EResource: Moth

Next Steps

Note to teachers:  Be aware that Indigenous students in your classrooms may share these understandings. Be open to discussing these ideas. Connect with your local Indigenous community to discuss and share their ideas about cultural life.

FOR YEARS 3/4

Expand on ideas to create new and imaginative combinations through improvising and experimenting with movement

  • How can we change from one way of moving to another?  This is an example of metamorphosis.

Transfer and apply information in one setting to enrich another

  • Choose a shape where one specific body part is in contact with the floor (eg your back).  We call this body part your base.  Now gradually move off that base (your back) and onto another chosen base/s (eg your left shoulder, ear and the front of your lower legs).  Chose a third base/s (eg the side of your body) and move into a shape where only that part of your body is in contact with the floor. Now return to your first base and shape.  Slowly and smoothly move through each of the three shapes repeating the sequences several times as a cycle.

Make dance sequences

  • Explore one way of moving such as walking then gradually change this to running, then skipping. Now choose a movement which involves having two feet and two hands on the floor.  Without stopping gradually change this movement to one where you are moving on only your feet.   Gradually return to the first movement then find a way of changing the way you move so that you get closer and closer to the floor until you are able to slide. Repeat this sequence and share with another person. PSC

Experiment with a range of options when seeking solutions and putting ideas into action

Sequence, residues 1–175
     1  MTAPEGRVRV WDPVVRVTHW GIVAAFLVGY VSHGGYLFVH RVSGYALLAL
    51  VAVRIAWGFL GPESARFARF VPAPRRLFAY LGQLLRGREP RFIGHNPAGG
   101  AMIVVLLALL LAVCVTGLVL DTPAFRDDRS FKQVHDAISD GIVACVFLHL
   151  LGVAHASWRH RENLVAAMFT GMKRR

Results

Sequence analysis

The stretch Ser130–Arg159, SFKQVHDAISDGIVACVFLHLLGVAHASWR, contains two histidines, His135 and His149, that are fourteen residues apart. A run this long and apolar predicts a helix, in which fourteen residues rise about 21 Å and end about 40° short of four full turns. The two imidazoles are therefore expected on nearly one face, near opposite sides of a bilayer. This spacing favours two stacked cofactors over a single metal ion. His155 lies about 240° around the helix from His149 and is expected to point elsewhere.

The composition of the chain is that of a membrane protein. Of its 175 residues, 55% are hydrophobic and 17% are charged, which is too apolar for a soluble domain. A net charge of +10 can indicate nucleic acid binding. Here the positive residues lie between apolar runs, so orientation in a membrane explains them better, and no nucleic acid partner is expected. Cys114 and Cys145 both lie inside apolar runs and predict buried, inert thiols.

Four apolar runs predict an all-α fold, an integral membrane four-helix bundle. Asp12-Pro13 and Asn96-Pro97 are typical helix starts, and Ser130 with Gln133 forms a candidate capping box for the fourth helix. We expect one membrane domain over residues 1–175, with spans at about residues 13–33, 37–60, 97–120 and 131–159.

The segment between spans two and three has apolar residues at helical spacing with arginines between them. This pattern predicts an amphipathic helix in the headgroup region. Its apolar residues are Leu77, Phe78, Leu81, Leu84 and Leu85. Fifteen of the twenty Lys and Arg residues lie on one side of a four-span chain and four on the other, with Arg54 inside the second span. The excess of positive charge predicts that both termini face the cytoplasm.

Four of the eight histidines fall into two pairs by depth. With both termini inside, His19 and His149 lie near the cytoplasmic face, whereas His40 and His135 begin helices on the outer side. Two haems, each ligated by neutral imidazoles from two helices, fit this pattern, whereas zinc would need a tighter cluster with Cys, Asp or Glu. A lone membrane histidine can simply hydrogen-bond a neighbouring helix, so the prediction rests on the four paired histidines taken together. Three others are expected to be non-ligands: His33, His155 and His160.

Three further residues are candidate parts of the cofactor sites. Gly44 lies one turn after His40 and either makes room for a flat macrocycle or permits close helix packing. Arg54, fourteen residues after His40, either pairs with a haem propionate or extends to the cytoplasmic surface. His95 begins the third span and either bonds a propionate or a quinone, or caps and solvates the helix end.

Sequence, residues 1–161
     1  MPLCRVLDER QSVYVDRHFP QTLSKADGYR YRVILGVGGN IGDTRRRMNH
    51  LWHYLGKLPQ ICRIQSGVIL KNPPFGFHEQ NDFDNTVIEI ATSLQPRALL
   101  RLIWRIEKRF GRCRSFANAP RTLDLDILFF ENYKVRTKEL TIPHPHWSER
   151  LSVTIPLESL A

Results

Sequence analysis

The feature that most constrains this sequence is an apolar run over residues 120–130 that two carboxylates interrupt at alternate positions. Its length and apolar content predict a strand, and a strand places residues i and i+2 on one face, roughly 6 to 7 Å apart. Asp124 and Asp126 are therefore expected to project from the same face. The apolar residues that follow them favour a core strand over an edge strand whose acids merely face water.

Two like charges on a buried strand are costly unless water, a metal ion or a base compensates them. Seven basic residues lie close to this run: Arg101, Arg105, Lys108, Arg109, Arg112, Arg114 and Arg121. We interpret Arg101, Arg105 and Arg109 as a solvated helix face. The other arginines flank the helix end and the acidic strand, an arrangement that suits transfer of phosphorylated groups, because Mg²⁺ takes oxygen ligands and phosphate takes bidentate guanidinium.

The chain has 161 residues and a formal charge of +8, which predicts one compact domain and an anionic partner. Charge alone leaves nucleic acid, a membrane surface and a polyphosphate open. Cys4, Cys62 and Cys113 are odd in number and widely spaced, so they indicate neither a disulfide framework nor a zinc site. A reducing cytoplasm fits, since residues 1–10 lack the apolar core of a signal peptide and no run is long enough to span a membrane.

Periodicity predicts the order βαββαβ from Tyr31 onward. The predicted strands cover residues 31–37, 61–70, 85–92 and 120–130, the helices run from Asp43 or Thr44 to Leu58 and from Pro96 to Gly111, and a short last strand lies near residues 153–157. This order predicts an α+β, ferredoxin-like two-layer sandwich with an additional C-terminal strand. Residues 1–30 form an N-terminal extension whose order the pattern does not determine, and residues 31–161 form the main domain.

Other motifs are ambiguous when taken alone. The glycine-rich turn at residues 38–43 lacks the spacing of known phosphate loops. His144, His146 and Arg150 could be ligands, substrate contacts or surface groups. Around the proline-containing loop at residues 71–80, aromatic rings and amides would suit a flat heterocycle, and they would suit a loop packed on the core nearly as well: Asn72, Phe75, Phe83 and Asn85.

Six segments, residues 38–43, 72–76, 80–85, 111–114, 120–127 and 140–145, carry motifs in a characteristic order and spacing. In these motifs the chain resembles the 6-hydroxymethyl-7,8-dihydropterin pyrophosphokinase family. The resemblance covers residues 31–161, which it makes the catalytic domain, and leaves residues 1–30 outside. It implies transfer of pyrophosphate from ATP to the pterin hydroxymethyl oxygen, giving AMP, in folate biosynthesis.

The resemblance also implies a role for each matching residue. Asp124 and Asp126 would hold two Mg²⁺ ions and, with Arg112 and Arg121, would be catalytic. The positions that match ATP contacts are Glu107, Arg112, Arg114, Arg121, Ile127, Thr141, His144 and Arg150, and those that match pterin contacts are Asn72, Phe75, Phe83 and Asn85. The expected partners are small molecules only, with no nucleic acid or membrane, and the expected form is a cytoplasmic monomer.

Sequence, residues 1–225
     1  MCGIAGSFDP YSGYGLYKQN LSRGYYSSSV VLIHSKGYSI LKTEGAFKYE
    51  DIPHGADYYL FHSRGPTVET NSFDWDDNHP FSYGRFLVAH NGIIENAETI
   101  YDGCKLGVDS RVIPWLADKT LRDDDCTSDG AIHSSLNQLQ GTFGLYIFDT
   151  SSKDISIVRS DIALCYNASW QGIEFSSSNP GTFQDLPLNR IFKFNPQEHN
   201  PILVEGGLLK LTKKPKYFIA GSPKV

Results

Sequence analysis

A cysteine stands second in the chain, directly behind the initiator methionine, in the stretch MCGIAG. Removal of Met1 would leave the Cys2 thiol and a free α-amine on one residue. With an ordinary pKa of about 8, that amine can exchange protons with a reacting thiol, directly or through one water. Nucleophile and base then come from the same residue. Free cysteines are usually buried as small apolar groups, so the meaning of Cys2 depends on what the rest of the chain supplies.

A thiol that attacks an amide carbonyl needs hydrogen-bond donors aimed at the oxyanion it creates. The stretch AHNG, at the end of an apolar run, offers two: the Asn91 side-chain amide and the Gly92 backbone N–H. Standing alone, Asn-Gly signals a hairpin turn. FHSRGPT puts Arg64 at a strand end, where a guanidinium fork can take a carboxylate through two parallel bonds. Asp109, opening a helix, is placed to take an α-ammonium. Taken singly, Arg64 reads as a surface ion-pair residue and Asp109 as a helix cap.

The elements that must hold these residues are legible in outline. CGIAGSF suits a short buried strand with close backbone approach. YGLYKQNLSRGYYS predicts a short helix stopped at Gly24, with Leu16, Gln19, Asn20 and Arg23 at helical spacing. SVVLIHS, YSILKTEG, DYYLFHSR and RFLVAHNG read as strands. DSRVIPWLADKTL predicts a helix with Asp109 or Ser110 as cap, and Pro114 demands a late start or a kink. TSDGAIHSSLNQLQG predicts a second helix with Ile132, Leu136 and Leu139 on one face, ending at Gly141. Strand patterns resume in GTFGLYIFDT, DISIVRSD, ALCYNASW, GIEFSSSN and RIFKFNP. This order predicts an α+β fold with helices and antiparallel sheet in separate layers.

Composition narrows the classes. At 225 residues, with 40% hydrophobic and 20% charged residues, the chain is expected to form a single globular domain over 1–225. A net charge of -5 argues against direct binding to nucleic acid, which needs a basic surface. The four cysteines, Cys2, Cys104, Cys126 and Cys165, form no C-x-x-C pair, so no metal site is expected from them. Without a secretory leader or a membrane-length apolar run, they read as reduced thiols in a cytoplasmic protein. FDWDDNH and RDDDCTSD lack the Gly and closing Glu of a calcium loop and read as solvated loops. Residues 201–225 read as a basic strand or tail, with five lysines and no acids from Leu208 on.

• Experiment with making shapes with your whole body -  round, elongated, symmetrical and asymmetrical shapes.  Choose four favourite shapes and teach them to another person. Hold each shape then move slowly and smoothly to the next shape. This pattern of shape move, shape, move, shape, move, shape is a sequence. Repeat this sequence with your partner.  PSC
  • If Moth represents the ‘pupae to moth’ stage of the life cycle, what would the metamorphosis from egg to caterpillar, or the caterpillar to pupae, look like?

Explore situations using creative thinking strategies to propose a range of alternatives

  • There are a number of triangles used throughout the dance.  Look at the costumes and at the movements.  What do you think the triangles may represent?

Draw on prior knowledge and use evidence when choosing a course of action or drawing a conclusion

  • Moths don’t have hands but they do have other appendages.  What else could the dancers use their arms to represent? Look closely at pictures of moths for ideas.

Communicate ideas through their art works

  • Choose one of the sequences based on travelling, and one involving different bases and a sequence of different shapes.  Teach each sequence to another person or group. Choose the order in which you will perform each sequence and in which direction or part of the room you will perform the sequence.

Reflect on, explain and check the processes used to come to conclusions

  • Reflect on this order to see if you now have a clear beginning, middle and end. Alter the order to improve the changes between each sequence.  Are you communicating a story in your dance?
  • Perform your dance to another group. Ask them what they saw and felt when they watched your dance.  Could they see you metamorphosing from one thing to another? PSC

Explain and justify ideas and outcomes

  • What could you call your dance? What kind of music could you make or choose to go with your dance?  Why have you made these choices?

 

FOR YEARS 5/6

Expand on known ideas to create new and imaginative combinations through improvising and experimenting with movement